a Beijing court sentenced former international referee Gong Jianping to 10 years
in prison after convicting him of accepting bribes. While several other referees
were also implicated in the scandal, senior football officials weren't touched.
Corruption returned on a bigger scale.
This time, the crackdown seems
much more serious. At the Friday press conference, Cui Dalin invited the public
to tip off a special investigation group. The group, set up in December,
includes officials from 12 central government departments, including the General
Administration of Sport, Ministry of Public Security, the Ministry of Justice
and the State Administration of Taxation. Needless to say, the formation of such
a special task force needs the nod of a higher authority. And that authority is
said to be none other than Xi Jinping himself.
Although one of the
so-called princelings - offspring of high-powered party members - Xi's personal
experiences give him a good understanding of ordinary people's feelings. In
1962, when he was aged nine, his father - a veteran revolutionary and a vice
premier at the time - was purged and thrown into prison by chairman Mao Zedong
as a leading member of an anti-party clique. It was not until 1978 that his
father was rehabilitated and appointed as Guangdong provincial party chief. In
1968, like many other high-school students, Xi went to receive "re-education" in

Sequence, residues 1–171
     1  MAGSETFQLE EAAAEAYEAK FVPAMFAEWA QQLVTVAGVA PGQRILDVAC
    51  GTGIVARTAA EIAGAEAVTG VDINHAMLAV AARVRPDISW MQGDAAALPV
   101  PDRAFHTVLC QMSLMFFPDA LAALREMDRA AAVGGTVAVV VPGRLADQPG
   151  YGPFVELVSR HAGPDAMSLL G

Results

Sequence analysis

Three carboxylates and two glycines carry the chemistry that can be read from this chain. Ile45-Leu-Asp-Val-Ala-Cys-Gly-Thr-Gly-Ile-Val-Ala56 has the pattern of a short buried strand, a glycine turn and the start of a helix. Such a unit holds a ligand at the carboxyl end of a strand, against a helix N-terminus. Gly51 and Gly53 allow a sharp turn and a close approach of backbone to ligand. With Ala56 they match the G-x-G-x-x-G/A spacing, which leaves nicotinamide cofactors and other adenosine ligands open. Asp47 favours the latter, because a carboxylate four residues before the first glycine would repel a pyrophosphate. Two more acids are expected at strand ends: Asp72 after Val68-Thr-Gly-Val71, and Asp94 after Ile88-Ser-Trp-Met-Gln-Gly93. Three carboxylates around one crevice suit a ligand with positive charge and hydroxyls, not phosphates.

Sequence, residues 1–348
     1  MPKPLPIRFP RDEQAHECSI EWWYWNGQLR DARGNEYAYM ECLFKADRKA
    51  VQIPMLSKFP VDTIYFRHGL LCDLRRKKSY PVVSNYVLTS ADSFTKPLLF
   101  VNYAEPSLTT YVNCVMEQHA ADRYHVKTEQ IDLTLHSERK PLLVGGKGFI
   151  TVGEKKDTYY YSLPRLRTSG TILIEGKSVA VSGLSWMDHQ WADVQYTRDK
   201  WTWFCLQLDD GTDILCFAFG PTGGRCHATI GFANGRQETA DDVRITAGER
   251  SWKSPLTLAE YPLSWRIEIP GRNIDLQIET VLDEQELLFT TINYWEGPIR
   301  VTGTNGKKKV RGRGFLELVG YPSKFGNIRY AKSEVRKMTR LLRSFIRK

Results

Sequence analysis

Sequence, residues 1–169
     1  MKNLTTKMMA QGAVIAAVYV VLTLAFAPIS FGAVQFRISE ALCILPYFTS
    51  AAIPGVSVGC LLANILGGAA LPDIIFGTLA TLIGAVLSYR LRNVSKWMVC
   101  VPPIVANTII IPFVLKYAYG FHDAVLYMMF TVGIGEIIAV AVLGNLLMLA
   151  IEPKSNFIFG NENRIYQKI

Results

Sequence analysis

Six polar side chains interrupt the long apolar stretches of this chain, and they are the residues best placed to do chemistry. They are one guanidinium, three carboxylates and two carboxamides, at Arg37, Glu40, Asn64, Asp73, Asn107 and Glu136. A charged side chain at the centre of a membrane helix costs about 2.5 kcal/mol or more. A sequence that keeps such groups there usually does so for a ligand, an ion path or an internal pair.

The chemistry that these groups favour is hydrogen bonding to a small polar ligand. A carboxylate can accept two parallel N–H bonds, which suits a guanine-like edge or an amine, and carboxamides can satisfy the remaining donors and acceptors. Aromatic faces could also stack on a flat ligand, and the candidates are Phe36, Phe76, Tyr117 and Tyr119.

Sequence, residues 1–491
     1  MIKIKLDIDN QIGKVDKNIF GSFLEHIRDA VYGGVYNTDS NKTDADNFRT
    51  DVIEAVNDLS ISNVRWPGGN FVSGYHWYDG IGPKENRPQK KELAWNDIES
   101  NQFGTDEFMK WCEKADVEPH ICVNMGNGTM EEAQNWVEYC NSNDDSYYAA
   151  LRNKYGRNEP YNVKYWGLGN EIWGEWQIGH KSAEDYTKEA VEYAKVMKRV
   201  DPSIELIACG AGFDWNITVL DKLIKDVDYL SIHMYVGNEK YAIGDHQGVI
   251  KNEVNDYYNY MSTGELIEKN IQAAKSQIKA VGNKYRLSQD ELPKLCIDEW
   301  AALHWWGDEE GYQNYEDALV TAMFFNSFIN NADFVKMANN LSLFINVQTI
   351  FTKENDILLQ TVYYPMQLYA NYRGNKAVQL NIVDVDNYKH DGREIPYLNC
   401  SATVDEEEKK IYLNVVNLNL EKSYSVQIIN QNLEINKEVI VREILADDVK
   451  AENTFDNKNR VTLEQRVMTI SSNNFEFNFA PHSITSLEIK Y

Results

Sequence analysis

a poor village in Yan'an in north Shaanxi province, where he remained for seven
years until sent to study in Tsinghua University.
rehabilitation allowed Xi to join the People's Liberation Army (PLA) upon
graduating in 1979 and work as a secretary in the Central Military Commission.
Three years later, he resigned to start his political career as county party
secretary in Hebei province. For many years, Xi kept in close touch with people
at the grassroots.
The Beijing Olympics provided an opportunity to link
his political life to his love of sports. Hu Jintao put him in charge of
overseeing the organization of the international event. During preparations, Xi
went to Olympic venues including football pitches, talking with officials and
athletes. In a visit to the stadium in Qinghuangdao City, Hebei province, the
vice president even demonstrated his footballing skills by shooting at the goal
with his black leather shoes. It was perhaps during this period that Xi gained
first-hand information about football's problems.
In any case, a
nationwide crackdown on football corruption started in March 2009, when Beijing
announced the establishment of the inter-departmental special task.
During his visit to Germany in October 2009, Xi broached the subject of
Chinese football, saying in a media interview that China would devote greater
efforts to raising the profile of the game. He cited its huge fan base and large
market as worthy of support. Many read this as Xi's declaration of war against
corruption in football.
A month later, the Ministry of Public Security
said at least four people in the sport had been detained for suspected bribery.
In December, police made more arrests, including You Kewei and Xu Hongtao, two
former leaders with Chengdu Blades. The "big fish" were caught last week. Wei
Di, the newly appointed head of the CSAC, was brought in from outside the game
so he could remain impartial in helping mend its sullied reputation.
success of the Beijing Olympics has won Xi great respect in officialdom and from
the public. Given the outrage of football fans and their frustrations with the
national side, Xi could score highly if successful in cleaning up corruption and
boosting the game. This would be of great help in his bid to become the next